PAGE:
He paused.

“How do you know all of this?” Nil asked.

“We have some records from those times,” the priest said. “Not much survived after the Persian invasions, but still we have some. And there are things that I heard from my predecessor and older priests when I was younger.”


“Yes, heard. When an older priest teaches an apprentice the geography and what’s around, and they come to Judea, this is what the apprentice learns. And if you are asking me how reliable this information is, understand that it was very long ago, and Jews never were a special point of interest to us.”

“I thought that of all people, you would know for sure,” Nil said. “After all, you were around when it all happened.”

“And you were around traveling here from Alexandria merely days ago,” the priest said. “What if you sit down now and describe your way on a papyrus? Would it be reliable?”

“Yes,” Nil said. “Unless I’d have a reason to lie.”

“But nobody who reads it will know if you had such a reason or not. And that’s not all. Say, who did you travel with?”

“Simaat, priest from Alexandria and the head of their temple police, a legionnaire from the Thebes garrison–” Nil started.

“No, you traveled with the second prophet of the Temple of Isis, also called the First Priest,” the old man interrupted him. “You see, even when an author doesn’t have any reasons to lie, you still don’t know if he is telling the truth. That’s what history is about, taking the knowledge a droplet after a droplet, carefully comparing it, trying to make sense. That’s the only way you can hope to find the truth about the past. After all, you are an investigator, you should know that.”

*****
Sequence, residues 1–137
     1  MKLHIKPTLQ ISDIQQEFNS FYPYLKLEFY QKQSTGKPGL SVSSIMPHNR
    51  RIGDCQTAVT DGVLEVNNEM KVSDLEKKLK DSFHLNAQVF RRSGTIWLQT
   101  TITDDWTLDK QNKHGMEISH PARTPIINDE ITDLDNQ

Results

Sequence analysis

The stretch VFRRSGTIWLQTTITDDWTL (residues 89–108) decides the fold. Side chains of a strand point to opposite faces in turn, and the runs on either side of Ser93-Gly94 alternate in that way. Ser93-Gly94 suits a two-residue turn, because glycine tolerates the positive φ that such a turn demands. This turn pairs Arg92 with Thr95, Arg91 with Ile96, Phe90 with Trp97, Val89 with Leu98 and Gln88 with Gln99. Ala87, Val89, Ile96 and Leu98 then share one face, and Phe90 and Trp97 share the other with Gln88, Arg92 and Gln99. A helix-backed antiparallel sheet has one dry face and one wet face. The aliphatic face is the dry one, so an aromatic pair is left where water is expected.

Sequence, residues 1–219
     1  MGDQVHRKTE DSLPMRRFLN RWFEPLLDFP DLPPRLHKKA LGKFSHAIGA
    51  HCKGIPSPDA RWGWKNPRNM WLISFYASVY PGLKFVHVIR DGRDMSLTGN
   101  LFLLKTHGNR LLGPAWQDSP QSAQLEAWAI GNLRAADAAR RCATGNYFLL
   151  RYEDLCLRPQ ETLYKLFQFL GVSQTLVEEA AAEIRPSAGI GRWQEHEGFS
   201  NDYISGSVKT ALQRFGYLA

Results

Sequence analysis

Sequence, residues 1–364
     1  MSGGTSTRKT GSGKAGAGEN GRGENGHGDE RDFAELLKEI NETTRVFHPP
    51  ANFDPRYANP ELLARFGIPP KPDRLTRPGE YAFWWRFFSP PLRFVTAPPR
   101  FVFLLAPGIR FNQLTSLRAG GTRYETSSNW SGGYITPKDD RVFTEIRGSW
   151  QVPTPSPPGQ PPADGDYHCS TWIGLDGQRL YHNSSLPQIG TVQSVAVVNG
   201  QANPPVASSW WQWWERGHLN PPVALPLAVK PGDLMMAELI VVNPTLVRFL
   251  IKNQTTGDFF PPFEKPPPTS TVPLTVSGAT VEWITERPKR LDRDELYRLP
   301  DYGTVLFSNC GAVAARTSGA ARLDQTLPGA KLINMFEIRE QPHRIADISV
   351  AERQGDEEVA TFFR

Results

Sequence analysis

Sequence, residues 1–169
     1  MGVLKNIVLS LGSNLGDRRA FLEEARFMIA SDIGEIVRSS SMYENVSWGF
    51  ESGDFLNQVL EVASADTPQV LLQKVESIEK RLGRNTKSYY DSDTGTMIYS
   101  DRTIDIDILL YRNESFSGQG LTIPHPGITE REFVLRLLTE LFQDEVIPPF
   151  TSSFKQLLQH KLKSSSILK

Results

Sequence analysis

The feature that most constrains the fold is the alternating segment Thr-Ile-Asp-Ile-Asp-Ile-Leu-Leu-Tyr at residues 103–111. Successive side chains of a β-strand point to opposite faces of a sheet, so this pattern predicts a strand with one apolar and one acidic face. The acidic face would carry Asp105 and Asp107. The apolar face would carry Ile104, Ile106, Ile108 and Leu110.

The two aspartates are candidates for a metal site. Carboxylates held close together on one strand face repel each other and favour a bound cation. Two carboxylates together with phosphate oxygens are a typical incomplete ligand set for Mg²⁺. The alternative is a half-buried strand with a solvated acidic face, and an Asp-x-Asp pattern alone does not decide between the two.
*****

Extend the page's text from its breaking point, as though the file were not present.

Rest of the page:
He paused again, continuing his slow pace.

“Anyway, it’s not me talking like a Jew, it’s them talking like us,” the priest returned to the topic. “They took it all from here.”

“They would disagree with you,” Nil said.

“Of course, they will,” the priest said. “Don’t be stupid. Just watch and compare. I take it you never read their sacred texts?”

“I didn’t,” Nil admitted.

“Then ask them, when you have a chance, how many people came to Egypt and how many left it,” the priest said. “And to save the time, I’ll tell you what their own sacred texts tell. Here came less than a hundred people – a single family. They emerged from here as a people in the hundreds of thousands. So, where did they become a people, not a mere family?”

“I see your point,” Nil said.

The priest parted his hands. “Do you want to hear more? Ask them about the Ark of the Covenant, as they call it. It’s a box with handles which should be in the holiest of holy of their Temple. Similar arks are almost in every temple in this land; they are supposed to be the residence of their ‘gods’. Of course, you will not find one in this temple, the true God cannot live in a box, that’s ridiculous, but as a matter of fact, Jews copied it.”

“They may say that you copied it.”

“No offense to your friends, but that would be hard to believe,” the priest said with a smile. “You see, they were here at the time that we call a ‘New Kingdom’. ‘New’ stands here for a reason. We are a little older than that.”